Gallery O is located in the historic H street neighborhood and run by Dolly Velhow, an entrepreneur and art collector who has amassed a large collection of folk art. Dolly and her team introduced us to several D.C. artists whose work we featured in a Johns Hopkins SAIS exhibition and reception that was open to the public and brought together members of the policy and art communities together.
Included in the exhibit was Nigerian-American artist Chinedu Felix Osuchukwu’s piece “MLK Kneeling,” an oil painting of Martin Luther King Jr. kneeling with a group of civil rights workers in prayer in Selma, Alabama on February 1, 1965. The group had just been arrested on charges of parading without a permit.
Artist Sheila Crider’s work pioneers the idea of “blackstration,” a form of emotive, non-representational work that stresses formal internal relationships using African, American, and Asian art practices and that employs craft techniques and three dimensional presentation.
Painter Jay Durrah’s style involved adding multiple layers of pigment to produce colorful portraits of people, and the layers of color represent many ethnicities; reflecting the way that each person is uniquely beautiful.
Amber Robles Gordon uses mixed materials to create a visual representation of hybridism, examining gender, ethnicity, and social experiences in the African American community.
Photographer Katie Dance’s Limitless project focused on young boxers who train at Nomis Boxing Gym in Washington, D.C. Her photographs capture young black men expressing their unique identity, and the poetry accompanying the poems, written by the subjects of the photos, capture the sense of community that these boxers find at Nomis Gym.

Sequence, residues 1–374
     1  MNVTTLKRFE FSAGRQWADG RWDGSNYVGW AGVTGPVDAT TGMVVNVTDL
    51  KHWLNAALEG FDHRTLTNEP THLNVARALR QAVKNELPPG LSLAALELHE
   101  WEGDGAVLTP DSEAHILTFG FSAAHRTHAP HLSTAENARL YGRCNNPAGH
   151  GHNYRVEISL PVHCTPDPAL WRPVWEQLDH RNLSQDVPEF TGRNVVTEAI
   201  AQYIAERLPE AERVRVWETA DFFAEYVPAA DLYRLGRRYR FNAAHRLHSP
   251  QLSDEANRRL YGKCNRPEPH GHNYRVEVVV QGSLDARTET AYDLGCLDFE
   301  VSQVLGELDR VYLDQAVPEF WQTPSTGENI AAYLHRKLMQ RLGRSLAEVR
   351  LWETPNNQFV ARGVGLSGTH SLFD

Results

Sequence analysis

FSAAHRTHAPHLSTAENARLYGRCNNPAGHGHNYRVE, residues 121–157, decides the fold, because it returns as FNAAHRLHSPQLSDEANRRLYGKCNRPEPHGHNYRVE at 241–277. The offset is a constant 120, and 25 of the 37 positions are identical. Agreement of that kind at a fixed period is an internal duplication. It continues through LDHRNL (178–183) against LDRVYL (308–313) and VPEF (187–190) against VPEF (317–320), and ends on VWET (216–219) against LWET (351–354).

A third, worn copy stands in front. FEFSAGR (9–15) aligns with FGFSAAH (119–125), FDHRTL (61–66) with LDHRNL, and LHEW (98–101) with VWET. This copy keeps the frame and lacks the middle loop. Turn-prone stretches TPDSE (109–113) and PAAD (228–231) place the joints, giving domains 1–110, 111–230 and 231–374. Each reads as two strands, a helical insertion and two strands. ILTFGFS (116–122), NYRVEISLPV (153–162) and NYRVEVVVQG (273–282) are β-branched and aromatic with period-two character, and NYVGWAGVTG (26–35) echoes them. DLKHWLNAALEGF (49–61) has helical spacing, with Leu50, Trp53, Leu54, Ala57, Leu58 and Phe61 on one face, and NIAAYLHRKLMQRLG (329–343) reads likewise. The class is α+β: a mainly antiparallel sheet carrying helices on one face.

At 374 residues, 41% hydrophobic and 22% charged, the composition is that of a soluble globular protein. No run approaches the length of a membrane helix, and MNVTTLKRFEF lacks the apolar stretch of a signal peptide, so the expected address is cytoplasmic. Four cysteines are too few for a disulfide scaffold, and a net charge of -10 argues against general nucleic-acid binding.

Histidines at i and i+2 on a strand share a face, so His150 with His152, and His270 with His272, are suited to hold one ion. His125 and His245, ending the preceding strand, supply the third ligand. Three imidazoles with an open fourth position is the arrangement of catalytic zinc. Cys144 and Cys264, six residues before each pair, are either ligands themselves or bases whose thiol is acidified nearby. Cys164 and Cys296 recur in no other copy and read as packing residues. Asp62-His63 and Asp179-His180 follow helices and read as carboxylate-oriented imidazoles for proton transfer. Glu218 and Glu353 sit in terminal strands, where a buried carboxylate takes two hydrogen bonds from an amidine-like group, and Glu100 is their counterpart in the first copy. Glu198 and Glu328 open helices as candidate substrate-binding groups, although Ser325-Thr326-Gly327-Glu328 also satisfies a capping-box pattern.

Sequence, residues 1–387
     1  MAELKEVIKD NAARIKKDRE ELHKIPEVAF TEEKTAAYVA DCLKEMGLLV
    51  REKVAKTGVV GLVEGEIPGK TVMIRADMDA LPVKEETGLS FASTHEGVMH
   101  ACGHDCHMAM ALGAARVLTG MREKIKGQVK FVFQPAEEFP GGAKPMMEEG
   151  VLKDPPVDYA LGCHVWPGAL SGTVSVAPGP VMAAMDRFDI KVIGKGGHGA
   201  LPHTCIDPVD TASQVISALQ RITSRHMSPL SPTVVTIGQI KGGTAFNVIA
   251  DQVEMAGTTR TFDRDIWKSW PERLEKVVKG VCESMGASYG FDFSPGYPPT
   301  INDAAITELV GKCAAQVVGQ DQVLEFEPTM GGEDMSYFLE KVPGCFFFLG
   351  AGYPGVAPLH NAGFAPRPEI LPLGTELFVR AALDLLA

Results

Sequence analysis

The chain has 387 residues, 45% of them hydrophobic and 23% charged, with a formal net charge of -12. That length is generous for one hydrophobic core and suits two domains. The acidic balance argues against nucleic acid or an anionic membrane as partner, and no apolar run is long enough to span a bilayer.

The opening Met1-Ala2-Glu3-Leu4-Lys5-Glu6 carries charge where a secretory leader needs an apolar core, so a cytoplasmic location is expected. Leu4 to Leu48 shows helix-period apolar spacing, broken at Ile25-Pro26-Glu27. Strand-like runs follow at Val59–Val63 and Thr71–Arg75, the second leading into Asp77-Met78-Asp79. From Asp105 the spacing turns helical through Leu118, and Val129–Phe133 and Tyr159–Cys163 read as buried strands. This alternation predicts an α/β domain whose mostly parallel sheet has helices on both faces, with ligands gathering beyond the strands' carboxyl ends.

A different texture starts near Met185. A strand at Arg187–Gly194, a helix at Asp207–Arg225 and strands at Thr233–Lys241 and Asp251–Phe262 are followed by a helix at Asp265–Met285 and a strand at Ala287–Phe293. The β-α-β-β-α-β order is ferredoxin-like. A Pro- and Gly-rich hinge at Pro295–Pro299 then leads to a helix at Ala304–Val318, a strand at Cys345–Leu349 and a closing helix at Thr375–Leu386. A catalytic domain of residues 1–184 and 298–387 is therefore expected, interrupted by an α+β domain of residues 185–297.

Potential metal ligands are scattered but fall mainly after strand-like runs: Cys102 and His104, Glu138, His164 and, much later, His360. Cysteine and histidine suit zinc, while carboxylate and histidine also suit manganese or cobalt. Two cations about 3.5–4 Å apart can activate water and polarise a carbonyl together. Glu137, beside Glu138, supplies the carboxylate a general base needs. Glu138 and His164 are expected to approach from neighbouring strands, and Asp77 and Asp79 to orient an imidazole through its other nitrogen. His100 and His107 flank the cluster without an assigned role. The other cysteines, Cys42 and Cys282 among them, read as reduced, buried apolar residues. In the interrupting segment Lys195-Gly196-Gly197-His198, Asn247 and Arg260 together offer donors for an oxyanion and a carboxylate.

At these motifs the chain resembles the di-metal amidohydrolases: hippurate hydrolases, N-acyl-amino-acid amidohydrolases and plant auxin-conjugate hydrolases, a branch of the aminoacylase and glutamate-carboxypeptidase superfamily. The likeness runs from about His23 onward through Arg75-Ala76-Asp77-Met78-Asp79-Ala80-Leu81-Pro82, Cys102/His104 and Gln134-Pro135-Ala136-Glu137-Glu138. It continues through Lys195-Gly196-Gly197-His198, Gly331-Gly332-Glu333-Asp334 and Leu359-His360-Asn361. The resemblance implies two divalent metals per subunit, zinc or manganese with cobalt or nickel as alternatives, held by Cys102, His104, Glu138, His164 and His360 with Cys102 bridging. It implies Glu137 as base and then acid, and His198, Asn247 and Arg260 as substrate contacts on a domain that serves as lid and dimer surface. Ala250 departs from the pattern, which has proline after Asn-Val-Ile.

Joy Sharon Yi, also a photographer, displayed her Barry Farm project, a photo essay that documents the Barry Farm housing projects in Washington, D.C.. Her work and its accompanying website document the legacy of discriminatory urban renewal policies in the United States.
Award-winning photographer Lloyd Wolf shared his work on the singing and marching bands of African Americans churches around the Chesapeake Bay in Maryland and Delaware. An African-American sacred music form that was developed during slavery, the singing and praying bands of the Chesapeake Bay have origins in West African religion, Christianity, and African American ring shout traditions.
Documentary photographer Chris Suspect exhibited his work on a community of LGBTQ African Americans who started their own church in southeast D.C.
The Ties That Bind exhibit pushed us beyond our policy bubbles to understand the significance of the black community in the nation’s capital, where so many critical moments in African American history took place.
And for those of us who will go one to represent the United States around the world, at home, or for those who will engage with Americans and their government, the people and the perspectives of the The Ties that Bind exhibit will better equip us to have more constructive conversations.
Cover image photo credit: Miki Jourdan
Exhibition photo credits: Noel St. John